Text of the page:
We do a lot of cooking, leaning more into the vegan/vegetarian side which teaches us the importance of the food we eat while introducing us to new diets, which tie nicely into our food systems workshops.

We often gather in the forest next to Suwa’lkh which has a creek where we’ve learned the importance of our salmon to us and the Coquitlam people and of how the water systems affect us. 

At SOYL we get to create a really nice community where everyone feels welcome and we discuss the importance of safe spaces. It is unlike what I’m used to in my day to day life where such a close community is rare to come across.

Learn more about the SOYL program HERE.

post

#SOYLyouth 2021 – Fiona

by Fiona Sutherland, SOYL Vancouver Mentor

As a mentor, I have loved seeing the growth and change this wonderful program has brought to not only my crewmates, but me as well. Watching everyone come out of their shells, take interest in farming, help the community, and expand their social circles has been so inspirational! Getting to know our wonderful SOYL youth this summer has been quite exciting, especially from a mentor point of view. I feel as if I have a lot more appreciation for the change and growth, I have seen from day one to now! Seeing the growth in myself is also incredibly exciting. I feel as if I learn more and more every year and I am so grateful for the opportunities this program has provided me with. My confidence in my own leadership skills is continuously growing as I receive feedback from our wonderful facilitators and help build on my current abilities. 

SOYL provides such an inclusive and fun environment to learn in, and this summer has helped me develop and foster crucial life and leadership skills. For example, I now find it much easier to take charge and help lead bigger groups. I feel a lot less afraid to give others gentle reminders and to step fully into my leadership position! SOYL has given me the confidence to trust my own decisions, leadership related or otherwise. I truly appreciate how SOYL brings hundreds of youth opportunities that are few and far between in our education system – not only does the program help prepare us for the workforce, but it gives us valuable information about the outside world and how to stand out amongst our diverse and talented peers. SOYL teaches youth how to bring positive change to our society, no matter big or small.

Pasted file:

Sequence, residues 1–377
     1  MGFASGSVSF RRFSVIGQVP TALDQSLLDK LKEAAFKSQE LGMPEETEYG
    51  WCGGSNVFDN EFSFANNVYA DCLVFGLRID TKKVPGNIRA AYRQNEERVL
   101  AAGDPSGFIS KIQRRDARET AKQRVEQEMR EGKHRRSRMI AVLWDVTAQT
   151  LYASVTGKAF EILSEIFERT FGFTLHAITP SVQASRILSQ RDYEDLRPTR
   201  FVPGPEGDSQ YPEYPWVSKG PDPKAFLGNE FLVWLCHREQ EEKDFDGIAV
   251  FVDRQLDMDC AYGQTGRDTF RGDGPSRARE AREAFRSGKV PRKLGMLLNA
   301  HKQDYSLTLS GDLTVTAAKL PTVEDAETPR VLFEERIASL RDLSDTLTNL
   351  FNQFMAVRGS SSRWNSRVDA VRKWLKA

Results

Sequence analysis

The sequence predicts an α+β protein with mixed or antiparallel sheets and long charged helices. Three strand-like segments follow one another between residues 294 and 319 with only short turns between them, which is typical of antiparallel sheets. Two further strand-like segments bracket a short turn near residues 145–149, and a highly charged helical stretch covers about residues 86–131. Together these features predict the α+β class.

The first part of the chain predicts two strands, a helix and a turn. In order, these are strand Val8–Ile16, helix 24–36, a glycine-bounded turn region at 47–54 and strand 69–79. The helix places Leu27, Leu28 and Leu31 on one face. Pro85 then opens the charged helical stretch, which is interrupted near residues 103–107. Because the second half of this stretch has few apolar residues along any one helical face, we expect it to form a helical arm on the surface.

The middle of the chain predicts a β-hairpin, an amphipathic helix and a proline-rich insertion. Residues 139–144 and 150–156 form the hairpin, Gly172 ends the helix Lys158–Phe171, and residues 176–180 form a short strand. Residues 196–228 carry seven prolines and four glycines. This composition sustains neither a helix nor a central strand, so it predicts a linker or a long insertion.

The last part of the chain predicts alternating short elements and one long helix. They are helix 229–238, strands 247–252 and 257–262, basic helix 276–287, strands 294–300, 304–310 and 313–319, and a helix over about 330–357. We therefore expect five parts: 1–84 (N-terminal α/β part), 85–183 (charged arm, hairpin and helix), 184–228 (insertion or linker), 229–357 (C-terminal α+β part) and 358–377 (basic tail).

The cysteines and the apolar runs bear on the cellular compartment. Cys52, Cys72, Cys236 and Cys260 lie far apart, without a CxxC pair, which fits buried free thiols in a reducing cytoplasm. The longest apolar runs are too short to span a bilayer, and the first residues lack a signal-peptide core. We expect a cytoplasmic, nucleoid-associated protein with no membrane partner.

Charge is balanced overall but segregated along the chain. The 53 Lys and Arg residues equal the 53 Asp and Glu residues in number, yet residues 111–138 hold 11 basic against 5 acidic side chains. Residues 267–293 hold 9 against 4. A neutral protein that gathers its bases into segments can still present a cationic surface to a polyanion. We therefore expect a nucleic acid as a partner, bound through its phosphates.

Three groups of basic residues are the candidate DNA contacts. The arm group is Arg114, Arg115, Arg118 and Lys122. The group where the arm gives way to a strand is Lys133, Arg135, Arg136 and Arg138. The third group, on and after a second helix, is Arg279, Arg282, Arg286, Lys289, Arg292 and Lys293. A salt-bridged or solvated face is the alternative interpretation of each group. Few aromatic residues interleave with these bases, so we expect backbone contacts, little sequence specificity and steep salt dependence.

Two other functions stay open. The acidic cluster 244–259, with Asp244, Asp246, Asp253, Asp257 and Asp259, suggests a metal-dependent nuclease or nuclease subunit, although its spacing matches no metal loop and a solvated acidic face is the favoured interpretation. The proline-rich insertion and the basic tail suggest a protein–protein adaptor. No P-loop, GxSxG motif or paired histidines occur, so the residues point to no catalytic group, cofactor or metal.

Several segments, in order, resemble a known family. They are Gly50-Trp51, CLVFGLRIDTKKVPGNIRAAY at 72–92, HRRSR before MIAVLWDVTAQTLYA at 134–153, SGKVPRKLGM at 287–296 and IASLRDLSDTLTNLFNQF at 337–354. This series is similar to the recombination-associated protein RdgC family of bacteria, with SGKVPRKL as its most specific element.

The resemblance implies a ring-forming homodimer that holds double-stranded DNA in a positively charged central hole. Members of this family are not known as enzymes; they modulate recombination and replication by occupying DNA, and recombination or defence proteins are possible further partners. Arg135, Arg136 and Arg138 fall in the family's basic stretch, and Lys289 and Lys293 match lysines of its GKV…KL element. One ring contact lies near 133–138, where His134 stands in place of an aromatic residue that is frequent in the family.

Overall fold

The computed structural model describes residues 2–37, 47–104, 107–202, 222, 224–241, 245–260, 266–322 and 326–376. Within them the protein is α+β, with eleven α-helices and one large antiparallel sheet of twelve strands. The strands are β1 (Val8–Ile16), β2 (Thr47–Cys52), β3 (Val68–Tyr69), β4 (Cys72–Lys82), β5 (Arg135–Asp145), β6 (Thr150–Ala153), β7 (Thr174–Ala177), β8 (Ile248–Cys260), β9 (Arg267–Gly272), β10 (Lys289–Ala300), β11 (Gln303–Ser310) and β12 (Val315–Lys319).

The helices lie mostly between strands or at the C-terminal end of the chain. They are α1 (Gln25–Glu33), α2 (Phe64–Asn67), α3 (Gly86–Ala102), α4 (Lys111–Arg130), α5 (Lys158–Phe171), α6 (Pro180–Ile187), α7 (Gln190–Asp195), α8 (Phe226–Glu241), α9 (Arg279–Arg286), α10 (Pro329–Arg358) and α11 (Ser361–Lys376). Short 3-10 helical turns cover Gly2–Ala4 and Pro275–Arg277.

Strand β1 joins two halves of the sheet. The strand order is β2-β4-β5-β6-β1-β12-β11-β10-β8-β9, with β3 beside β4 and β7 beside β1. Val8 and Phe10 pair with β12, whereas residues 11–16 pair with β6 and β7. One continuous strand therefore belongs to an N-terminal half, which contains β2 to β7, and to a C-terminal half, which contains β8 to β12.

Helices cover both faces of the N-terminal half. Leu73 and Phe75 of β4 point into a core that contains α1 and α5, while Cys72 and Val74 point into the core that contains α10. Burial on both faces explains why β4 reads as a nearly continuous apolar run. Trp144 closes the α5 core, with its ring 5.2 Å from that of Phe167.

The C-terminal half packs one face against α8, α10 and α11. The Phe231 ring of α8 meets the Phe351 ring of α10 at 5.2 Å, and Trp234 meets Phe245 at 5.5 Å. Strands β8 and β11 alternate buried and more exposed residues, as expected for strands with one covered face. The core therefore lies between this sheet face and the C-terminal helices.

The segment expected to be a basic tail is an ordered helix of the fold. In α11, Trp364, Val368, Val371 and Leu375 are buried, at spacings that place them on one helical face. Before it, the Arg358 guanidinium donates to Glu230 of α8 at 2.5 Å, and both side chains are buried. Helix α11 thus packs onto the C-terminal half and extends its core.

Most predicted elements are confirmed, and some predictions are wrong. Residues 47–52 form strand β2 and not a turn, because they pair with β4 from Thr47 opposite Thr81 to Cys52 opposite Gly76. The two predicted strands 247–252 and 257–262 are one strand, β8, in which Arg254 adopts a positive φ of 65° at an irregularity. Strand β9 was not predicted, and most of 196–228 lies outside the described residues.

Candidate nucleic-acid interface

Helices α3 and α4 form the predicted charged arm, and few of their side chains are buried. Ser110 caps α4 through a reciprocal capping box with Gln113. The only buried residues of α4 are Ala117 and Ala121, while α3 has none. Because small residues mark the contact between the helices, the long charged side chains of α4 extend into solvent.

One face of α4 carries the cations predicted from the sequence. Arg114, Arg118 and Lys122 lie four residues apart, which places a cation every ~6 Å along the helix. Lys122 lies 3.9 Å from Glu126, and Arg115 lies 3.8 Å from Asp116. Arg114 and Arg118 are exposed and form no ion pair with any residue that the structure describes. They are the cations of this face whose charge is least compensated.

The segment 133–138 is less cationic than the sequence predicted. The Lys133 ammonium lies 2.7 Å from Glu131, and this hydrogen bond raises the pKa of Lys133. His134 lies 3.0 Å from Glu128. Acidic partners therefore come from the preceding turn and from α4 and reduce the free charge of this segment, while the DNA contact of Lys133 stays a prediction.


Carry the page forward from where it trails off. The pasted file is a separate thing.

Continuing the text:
Learn more about the SOYL program HERE.

post

Farmer’s Log, Seed Date July 1, 2021

July 1st. Wait, what? It’s J U L Y ? It’s July and the kale has exploded along with the weeds. I’m so thankful for our hard-working team (not just the farm workers!) and the handful of volunteers who have joined us in liberating our crops from the overwhelm of hungry, green-leaved neighbours. Fresh Roots has a few hungry neighbours of the human variety, too, which has made an impact on our yields. The unique pressures of Urban Farming continue to surface as we try our best to fulfil commitments to our CSA members, Markets, Programming, the Community Eats Program, Lunch Lab, and Donor Recipients such as South Vancouver Neighbourhood Food Hub. All of this is to say, I feel the theme of the past month has been about Community. 

Community

The Fresh Roots Community is blooming into the Summer Queen that she is. All of the youth hired under the Canada Summer Jobs contracts are trained up and ready to operate the Fresh Roots Summer Kingdom (aka Farm). By the second week of July, we’ll have SOYL (Sustainable Opportunities for Youth Leadership) participants growing, learning and leading at three sites, keen to pull weeds and distribute wood chips (I can’t wait to utilize those hands!) and harvest veggies for the market. 

Our Community Supported Agriculture Program is in its 5th week, now, getting our lovely greens and roots into the hands of thoughtful consumers who know their investment is supporting not only the operation of our farm, but also our programming to employ youth and teach kids about agriculture and themselves. It has been a pleasure to put the faces to the names on our CSA sheet and watch as our vegetable babies find their forever homes… in your mouths, I guess?

We attend two markets with two distinct but wonderful communities: Saturdays at Riley Park we connect with the market-goers, organizers and vendors that make up the incredible Vancouver Farmers Market; and on Wednesdays our market is hosted by the ever-generous folks at the Italian Cultural Centre. The ICC market community ‘feel’ is definitely different this season than last – yes, that means the pizza and wine are missing. That is because the ICC is putting their effort into supporting the community in another way: they are hosting an epic vaccination site, seeing an average of 1600 members of our community get vaccinated each day. So while I’m sad that we don’t get a slice of pizza, I’m happier still that we are overcoming this virus with the support of places like the ICC.